"One of my purposes is, I want to convert people to looking at things in a different way there's a lot out there that's not blaring across the front page, but people can find out for themselves," he says. "There's more going on than we ever suspected. I mean, look at all the tourists who come to Washington. It seems that Washington is really beautiful. But what it really is is a beautifully wrapped package with maggots and shit inside." Which was part of the reason, he says, that he reveled in the HomicideLaw & Order crossover episodes set in Washington last season in which the shows' characters found themselves overwhelmed by a maze of lies and abuses of power. "I loved those episodes because they showed what people with power can do and how people and information can be manipulated."
This theme is one that has held Belzer's interest most of his adult life; working in Connecticut as a reporter at his hometown Bridgeport Post in the late '60s, he keenly recalls his latent anti-authoritarian notions being stoked by a sense of revulsion at what he saw covering courts and cops. "Hearing these people talk, I was like, these aren't the pristine authority figures I had grown up believing to be always right I didn't realize how sinister and cavalier people in power are until I really got to be around them," he says. "I remember hearing the police commissioner talking about people in this kind of patronizing I don't want to say racist [way], but let's say he showed contempt for certain kinds of people and this really, really disturbed me."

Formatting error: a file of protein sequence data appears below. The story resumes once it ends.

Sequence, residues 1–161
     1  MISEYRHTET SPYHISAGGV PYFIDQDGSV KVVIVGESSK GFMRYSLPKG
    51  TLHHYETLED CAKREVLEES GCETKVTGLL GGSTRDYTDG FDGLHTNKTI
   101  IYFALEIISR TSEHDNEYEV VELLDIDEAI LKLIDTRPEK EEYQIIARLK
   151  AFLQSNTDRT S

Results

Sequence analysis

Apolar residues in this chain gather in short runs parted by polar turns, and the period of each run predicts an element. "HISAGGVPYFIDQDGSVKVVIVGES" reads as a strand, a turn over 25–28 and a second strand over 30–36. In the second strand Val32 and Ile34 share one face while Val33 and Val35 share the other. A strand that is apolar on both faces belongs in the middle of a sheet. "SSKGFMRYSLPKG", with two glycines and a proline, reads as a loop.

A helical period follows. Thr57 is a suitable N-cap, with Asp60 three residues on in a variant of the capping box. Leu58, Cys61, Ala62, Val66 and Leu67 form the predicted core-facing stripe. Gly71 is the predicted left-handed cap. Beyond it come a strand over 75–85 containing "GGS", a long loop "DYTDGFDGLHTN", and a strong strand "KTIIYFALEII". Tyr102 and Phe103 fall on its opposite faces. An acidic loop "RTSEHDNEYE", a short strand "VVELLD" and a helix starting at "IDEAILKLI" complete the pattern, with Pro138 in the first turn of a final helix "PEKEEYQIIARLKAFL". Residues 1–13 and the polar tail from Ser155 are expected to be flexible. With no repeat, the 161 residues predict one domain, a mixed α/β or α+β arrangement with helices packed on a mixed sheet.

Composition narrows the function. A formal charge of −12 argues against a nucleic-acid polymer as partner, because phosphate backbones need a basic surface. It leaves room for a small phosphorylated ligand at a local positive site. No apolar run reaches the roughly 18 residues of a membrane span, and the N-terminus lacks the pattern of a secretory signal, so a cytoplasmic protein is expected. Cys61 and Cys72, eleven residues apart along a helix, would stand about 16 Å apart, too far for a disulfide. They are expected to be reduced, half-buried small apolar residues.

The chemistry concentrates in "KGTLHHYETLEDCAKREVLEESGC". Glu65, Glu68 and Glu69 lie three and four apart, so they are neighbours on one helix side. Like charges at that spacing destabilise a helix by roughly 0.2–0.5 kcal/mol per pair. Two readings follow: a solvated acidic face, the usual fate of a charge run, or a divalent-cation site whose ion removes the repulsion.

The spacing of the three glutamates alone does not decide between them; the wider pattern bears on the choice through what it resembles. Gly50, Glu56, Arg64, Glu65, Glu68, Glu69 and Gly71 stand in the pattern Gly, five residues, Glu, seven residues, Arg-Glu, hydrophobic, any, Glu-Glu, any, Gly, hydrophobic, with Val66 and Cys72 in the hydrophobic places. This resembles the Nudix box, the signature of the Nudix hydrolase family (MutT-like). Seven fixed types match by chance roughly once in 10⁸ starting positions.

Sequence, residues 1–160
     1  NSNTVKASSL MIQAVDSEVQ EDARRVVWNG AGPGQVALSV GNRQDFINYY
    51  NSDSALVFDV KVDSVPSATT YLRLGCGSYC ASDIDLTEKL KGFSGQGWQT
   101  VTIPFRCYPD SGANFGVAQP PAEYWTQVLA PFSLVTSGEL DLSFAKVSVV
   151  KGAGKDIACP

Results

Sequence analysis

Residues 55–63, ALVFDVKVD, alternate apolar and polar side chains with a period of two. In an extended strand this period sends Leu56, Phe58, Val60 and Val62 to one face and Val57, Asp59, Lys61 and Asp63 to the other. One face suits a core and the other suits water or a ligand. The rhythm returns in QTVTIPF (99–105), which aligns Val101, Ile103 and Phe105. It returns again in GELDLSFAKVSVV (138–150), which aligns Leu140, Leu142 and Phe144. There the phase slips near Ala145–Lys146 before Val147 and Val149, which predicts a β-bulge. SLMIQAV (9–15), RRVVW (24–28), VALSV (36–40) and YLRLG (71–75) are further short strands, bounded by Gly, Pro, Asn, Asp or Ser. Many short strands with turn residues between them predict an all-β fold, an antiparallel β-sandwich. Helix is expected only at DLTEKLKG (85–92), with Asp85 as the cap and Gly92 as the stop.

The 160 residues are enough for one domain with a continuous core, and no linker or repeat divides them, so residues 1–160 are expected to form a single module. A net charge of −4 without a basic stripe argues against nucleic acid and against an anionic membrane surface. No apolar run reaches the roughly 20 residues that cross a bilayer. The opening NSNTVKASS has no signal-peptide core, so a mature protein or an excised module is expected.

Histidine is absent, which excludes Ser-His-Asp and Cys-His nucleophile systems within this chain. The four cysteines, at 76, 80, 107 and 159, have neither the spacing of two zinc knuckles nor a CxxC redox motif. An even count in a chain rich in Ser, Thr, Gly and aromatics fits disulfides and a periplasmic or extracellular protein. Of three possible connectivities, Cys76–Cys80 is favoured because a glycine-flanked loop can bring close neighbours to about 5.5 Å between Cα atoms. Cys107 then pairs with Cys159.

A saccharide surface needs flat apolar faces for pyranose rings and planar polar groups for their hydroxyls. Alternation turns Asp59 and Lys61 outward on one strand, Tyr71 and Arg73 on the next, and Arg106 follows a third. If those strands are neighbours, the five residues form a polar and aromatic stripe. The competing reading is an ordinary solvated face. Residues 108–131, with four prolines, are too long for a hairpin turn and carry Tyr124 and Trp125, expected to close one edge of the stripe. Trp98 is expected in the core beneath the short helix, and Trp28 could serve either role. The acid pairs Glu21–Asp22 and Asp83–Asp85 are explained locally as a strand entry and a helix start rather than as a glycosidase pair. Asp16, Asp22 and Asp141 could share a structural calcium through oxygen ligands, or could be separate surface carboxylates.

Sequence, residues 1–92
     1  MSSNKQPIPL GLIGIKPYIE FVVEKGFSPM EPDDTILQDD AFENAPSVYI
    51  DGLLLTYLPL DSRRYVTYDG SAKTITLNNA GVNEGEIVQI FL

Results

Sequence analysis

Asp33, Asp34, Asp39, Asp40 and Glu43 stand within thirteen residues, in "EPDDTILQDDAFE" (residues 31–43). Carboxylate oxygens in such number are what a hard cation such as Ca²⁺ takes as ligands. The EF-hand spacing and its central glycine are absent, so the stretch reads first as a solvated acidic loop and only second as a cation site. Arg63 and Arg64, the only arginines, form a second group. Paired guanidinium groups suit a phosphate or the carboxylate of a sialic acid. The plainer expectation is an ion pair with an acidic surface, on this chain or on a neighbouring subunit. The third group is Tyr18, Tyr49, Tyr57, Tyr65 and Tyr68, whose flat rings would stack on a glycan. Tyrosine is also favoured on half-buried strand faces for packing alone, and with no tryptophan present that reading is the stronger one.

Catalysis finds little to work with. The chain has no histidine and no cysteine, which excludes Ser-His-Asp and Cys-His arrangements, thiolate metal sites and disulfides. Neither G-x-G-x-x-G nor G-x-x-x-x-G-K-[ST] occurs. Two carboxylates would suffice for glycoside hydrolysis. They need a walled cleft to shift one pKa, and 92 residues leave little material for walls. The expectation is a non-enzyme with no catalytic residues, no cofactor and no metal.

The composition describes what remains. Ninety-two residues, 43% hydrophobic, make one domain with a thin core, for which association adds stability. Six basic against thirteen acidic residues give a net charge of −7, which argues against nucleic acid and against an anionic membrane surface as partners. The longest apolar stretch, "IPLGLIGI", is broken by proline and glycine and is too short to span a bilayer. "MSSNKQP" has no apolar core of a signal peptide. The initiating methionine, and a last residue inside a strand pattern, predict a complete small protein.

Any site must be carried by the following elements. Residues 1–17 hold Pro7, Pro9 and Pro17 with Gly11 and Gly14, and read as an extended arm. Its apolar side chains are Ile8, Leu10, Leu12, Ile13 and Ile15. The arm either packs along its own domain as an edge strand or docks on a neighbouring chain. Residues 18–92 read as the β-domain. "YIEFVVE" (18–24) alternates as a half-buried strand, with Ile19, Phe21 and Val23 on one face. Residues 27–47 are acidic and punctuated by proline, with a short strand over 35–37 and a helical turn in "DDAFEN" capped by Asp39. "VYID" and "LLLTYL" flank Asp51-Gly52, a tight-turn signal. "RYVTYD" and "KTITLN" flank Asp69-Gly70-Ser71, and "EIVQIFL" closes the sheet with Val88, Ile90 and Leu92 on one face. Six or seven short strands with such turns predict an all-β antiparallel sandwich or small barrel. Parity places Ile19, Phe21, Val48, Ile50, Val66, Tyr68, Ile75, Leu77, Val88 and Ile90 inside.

Leaving Connecticut journalism to move to New York, Belzer was further radicalized by alternative media. Ever the voracious reader, he still dives into books and devours at least five newspapers a day. He used to think of himself as a stand-up journalist, and to some extent, it's still the best description for what Belzer does best. As Belzer continually emerged like a town crier from his trailer on the set of Homicide after hours of news and conspiracy research, the show's writers began to integrate his political rants into scripts, which fit nicely with his Detective Munch character. A '60s-era pothead alternative journalist who, because of a love for the slick TV detective shows of his youth, ends up using his bullshit detection skills in the service of The Man, who he clearly doesn't trust. Indeed, Munch may be the only TV cop who isn't down with the War on Drugs because he knows the conspiratorial history of marijuana criminalization. "It was true, so [NBC] really couldn't censor it," he says. "And I liked it because it showed there are people who work for the state who aren't happy with the state."